I know you're going to find this hard to believe, but I've actually done precious little modeling in my day. That may seem shocking, given my rugged good looks, ripped abs and flowing mane of thick, lustrous hair, but it's true.
This is not to say that I've never been a model, mind you. I'm sure some of you remember me from my days as the face of the Sporting News preseason NFL television-viewing guide.
What's that? You don't remember? That's a little surprising because I was kind of a big deal. I mean, "days" might be somewhat misleading, as it was more like a couple of hours, and "face" isn't exactly honest, but still, I was in the Sporting News, one of America's finest sports publications.
Here's the story: Some years ago, my brother was working for a marketing firm whose biggest client was NFL Properties, the merchandising arm of the National Football League. NFL Properties had partnered with the Sporting News to produce a TV-viewing guide that was going to run as an insert in a late-summer issue of the magazine, and they needed an advertisement to hype it -- hence my brother's involvement.
The ad, as envisioned, required a model, and my brother, sensing my natural star quality, asked if I'd be interested. I said I would, and an oral agreement was struck.
The day of the photo shoot, I rose early, showered, shaved, brushed my teeth twice and spent the better part of an hour in front of the mirror making sure my hair was perfect. Then I dressed in my finest suit and drove to the studio, ready to dazzle the photographer with my je ne sais quoi.
When I arrived at the studio, the first things I noticed were dozens of cases of booze. As it turned out, the photographer's biggest client was Sauza Tequila, and he'd just finished doing a photo shoot for them. The second thing I noticed was a full set of football gear, including a helmet, which apparently was meant for me.
I silently chided myself for making such a fuss over my coiffure, but I had no problem donning the pads. I played JV football in high school, after all. I could look the part of a pro football player reasonably well.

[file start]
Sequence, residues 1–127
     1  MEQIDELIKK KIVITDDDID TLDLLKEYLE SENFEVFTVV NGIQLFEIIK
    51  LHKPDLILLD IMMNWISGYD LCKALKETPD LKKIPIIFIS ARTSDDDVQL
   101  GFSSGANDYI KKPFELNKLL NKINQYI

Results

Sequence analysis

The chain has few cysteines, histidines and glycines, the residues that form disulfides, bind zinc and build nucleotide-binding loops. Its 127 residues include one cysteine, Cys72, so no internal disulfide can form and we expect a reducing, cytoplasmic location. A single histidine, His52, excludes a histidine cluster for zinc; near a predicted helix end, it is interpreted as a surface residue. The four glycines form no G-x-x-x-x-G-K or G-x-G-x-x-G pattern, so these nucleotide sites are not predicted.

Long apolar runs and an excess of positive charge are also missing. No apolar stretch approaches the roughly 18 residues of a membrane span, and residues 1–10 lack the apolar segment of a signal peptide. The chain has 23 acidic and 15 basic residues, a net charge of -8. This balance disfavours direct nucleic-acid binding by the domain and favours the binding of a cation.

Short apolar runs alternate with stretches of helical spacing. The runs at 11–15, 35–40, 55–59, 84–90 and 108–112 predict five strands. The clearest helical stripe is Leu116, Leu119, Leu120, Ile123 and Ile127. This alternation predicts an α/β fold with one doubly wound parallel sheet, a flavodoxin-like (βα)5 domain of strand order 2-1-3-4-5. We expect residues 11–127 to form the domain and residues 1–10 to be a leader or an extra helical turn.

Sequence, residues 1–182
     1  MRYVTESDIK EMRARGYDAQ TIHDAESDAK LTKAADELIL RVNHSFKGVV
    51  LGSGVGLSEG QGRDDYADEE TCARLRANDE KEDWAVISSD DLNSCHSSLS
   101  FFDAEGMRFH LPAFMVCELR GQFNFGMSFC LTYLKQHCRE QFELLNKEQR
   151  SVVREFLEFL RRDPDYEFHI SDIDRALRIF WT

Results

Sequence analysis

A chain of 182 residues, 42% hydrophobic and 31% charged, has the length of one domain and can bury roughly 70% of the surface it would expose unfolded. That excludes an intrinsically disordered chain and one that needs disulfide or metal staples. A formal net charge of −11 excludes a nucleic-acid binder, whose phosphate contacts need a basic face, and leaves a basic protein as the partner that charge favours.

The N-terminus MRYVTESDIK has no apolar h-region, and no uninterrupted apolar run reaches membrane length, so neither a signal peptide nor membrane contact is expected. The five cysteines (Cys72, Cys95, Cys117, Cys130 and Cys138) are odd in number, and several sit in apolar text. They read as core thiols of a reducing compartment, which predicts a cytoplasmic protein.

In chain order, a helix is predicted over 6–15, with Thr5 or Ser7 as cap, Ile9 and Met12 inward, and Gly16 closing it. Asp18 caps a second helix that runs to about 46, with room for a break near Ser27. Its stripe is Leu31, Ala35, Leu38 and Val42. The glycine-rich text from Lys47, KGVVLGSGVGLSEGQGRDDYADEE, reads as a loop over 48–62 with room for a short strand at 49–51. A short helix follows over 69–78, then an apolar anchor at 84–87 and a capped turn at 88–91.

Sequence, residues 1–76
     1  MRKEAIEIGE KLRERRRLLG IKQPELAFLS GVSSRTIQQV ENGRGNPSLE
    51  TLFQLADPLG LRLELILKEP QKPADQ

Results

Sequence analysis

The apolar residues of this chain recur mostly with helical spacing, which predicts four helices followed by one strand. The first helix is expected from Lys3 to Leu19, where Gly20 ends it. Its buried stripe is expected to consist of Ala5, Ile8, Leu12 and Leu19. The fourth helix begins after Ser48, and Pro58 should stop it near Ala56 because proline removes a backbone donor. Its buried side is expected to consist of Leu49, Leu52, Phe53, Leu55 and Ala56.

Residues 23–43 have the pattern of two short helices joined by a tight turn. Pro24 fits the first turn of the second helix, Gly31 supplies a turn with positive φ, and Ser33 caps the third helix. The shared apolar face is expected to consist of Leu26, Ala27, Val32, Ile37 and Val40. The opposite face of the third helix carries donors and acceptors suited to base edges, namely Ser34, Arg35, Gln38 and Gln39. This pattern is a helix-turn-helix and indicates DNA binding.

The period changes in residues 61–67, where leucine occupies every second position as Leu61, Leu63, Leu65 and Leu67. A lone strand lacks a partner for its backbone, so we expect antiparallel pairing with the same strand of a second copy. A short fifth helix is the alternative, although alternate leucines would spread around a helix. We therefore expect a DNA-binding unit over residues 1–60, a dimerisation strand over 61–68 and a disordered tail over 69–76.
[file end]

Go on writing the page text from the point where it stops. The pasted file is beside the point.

Once I was dressed, the photographer instructed me to sit in a chair and hold up an oversized version of the viewing guide in front of me as if I were reading it. This left only my hands, feet and calves and a tiny slice of the top of the helmet exposed. In short, it could have been anyone in the football getup behind the viewing guide, so I wasn't exactly Fabio, but I was still a model.
Anyway, the ad ran with my picture, such as it was, and I was paid $100 and a bottle of Sauza Conmemorativo. I considered that a fair trade for two hours of my time.
The reason I bring up my modeling career is that just last week it was jolted back to life. My wife, an accomplished ski journalist, was commissioned to write an article on family activities at Squaw Valley for next winter's issue of Squaw Magazine, and the editors requested photos to accompany the piece. Thus, my wife, my son and I found ourselves at Squaw Valley for three days being trailed by two photographers who documented our every move.
My son, who was fortunate enough to get his mother's looks, was the real star, hamming it up at every opportunity and drawing approving cries from the photographers. My wife is similarly photogenic and also proved excellent fodder for the cameras. I, on the other hand, was usually asked to step out of the frame so as not to ruin an otherwise lovely shot of mother and child.
I did manage to photobomb at least a few of the pictures, though, and if the photographers and editors aren't especially diligent about weeding me out, I actually might make it into the magazine. So if you happen to be in Squaw Valley next winter, pick up a copy, and see if you can spot me.
I'll be the guy in the background with the big nose and bad sunburn desperately trying to get himself noticed while his wife and kid hog all the glory. If you find me, let me know; I'd like to add the photo to my modeling portfolio, right alongside the shot of my hands and calves.
Todd Hartley once met Fabio (seriously!), and he was a hell of a nice guy. To read more or leave a comment, please visit zerobudget.net.